Monday, November 2, 2009
Is Lithography Art?
Color lithography is having a moment. At the Santa Monica Museum of Art, Allen Ruppersberg has assembled a museum of found images, spanning early 20th-century sheet music and c. Summer-of-Love rock posters. It's all anchored by two mural-size circus posters. Are vintage chromolithographs art? Nobody asks that question, not when they're part of a contemporary artist's installation.
Across town is the Huntington's "The Color Explosion: Nineteenth-Century American Lithography from the Jay T. Last Collection." Last, otherwise known as a founding father of Silicon Valley and collector of African art, has promised his 135,000-piece archive of American color lithography to the Huntington. In the museum world "ephemera" describes printed images created for a commercial purpose and not intended to last for the ages. In fact these things have long been collected. Examples on view include theatrical posters, tobacco and cigar box labels, trade cards, seed packets, orange crate labels, children's books, board games, city views, calendars, and much more. It's all fascinating as a demonstration of how much American life has changed, and how much it's stayed the same.
The remarkable thing is how few of the images impress contemporary eyes as art. That's puzzling because the art audience has been conditioned to accept just about any early photograph as art. Police mug shots? Check. Botanical specimens? Check. Documentation of surgeries and anesthesia? It's all good.
Color lithography and photography each burst on the scene around 1840. As in a romantic comedy, they were rivals who completed each other. Photography offered detail without the toil and distortion of the artist's hand. Lithography supplied the color early photography couldn't. With diligence, it too could verge on photographic exactitude.
Cases were made, early on, for photography and lithography as fine art. Advantage, lithography. Goya was an early adopter, albeit in black-and-white. Both media offered artists scope to invent new types of pictures, even as the underlying technologies were being refined and reinvented. Both went through cycles of critical acceptance and rejection. In the twentieth century, the art trade invented editioned lithographs as a form of affordable art by famous painters. For much of that century, photography was ephemera, the province of crazy collectors who couldn't afford real art — not even lithographs.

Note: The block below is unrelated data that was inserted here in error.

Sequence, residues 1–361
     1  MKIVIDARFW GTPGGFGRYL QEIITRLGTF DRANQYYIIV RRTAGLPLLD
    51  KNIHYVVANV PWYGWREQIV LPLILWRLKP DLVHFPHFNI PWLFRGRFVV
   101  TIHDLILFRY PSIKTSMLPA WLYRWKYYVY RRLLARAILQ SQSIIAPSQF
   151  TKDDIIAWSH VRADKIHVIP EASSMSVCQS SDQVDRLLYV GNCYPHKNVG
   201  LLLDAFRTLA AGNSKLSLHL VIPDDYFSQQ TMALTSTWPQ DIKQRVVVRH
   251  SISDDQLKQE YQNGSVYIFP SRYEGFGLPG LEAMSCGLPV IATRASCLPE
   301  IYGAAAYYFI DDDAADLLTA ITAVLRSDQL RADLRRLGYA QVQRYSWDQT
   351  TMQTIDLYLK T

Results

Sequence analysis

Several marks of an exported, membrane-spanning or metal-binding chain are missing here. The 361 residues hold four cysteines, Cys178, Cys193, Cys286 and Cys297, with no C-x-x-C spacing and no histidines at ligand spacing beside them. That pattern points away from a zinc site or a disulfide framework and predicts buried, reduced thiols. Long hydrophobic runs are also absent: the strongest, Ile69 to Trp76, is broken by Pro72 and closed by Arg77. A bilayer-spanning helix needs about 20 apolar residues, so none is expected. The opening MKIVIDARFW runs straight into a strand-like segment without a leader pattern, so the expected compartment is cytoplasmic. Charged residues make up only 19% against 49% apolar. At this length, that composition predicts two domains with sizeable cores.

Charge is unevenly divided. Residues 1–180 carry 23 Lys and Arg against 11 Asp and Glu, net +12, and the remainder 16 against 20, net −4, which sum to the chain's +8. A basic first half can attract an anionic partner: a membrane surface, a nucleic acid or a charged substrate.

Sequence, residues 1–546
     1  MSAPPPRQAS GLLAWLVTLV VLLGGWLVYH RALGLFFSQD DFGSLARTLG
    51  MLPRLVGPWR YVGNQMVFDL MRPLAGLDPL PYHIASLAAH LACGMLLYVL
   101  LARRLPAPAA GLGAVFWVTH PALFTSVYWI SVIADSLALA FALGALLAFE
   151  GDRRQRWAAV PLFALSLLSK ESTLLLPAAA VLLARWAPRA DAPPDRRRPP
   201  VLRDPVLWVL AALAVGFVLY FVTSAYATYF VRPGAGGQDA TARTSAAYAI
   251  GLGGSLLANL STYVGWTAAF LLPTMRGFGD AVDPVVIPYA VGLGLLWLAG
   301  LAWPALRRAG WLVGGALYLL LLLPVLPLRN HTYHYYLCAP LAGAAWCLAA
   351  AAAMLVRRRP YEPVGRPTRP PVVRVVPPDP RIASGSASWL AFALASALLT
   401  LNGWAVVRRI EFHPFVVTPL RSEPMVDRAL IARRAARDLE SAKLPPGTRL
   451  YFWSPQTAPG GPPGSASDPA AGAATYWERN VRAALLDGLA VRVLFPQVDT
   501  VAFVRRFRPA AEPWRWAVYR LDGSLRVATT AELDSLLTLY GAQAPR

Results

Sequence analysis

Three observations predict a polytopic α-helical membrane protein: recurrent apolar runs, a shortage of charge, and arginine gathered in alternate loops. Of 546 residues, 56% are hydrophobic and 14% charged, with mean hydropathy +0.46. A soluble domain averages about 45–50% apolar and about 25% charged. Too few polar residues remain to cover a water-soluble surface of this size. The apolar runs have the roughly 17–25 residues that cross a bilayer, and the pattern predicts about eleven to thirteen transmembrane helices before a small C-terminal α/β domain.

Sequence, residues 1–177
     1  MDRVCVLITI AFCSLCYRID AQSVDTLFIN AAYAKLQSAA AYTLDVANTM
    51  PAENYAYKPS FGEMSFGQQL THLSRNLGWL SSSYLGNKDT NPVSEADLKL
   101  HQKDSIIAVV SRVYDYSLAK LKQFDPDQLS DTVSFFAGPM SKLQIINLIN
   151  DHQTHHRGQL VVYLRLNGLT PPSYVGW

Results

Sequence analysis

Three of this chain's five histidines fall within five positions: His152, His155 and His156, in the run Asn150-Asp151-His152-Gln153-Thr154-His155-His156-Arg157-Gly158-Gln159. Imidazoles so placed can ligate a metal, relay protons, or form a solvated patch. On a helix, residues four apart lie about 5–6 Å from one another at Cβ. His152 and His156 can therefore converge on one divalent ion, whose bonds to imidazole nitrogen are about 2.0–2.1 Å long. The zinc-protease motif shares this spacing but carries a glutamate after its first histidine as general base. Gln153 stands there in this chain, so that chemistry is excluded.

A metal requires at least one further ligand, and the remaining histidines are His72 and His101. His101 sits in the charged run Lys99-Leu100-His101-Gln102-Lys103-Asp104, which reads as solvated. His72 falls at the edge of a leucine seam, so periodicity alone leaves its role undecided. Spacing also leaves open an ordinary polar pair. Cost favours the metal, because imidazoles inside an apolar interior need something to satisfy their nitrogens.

A couple of decades upended that opinion. Snapshots went up on art museum walls as "vernacular photography." Color lithography began to feel less of the moment — even Picassos, much less baseball cards.
Consider Carleton Watkins. He's now called the first great American artist in the West, or the greatest American artist of his age. This reflects a very recent upgrade. John Coplans rediscovered Watkins in the 1960s, and only in the 2000s has Watkins rated superlatives. Above is Late George Cling Peaches, c. 1888, owned by the Huntington and until recently filed under documentation of the Old West. Now, everyone in the art world's got a hard-on for this sort of thing. It's pop, it's minimalism, it's postminimalism.
It's also an advertisement for peaches. It must have been created for purposes not too disimilar from the produce labels, posters, and trade cards in the Huntington's lithograph show. Why is there no color-litho equivalent to Watkins? (The two household-name lithographers are businesses, not individual artists: Currier and Ives and Milton Bradley.)
One answer might be text. The lithography medium makes it easy to incorporate text into the image. In fact the typography is one of the most innovative things about these pictures. But it means the images are forever married to sales pitches for defunct precursors of Lady Gaga, Rogaine, and Grand Theft Auto. A photograph, such as Watkins' peaches, exists independently from any sales pitches that might once have been appended. It leaves future generations a blanker slate on which to project.
Another theory: Clients must have kept lithographers on a short tether, demanding beatific expressions, unsubtle humor, and artistic conventions fondly remembered. Those clients may have been less hands-on with photographers. They weren't buying art, they were buying photography = truth. The best artists, like Watkins, realized how much slack that gave them.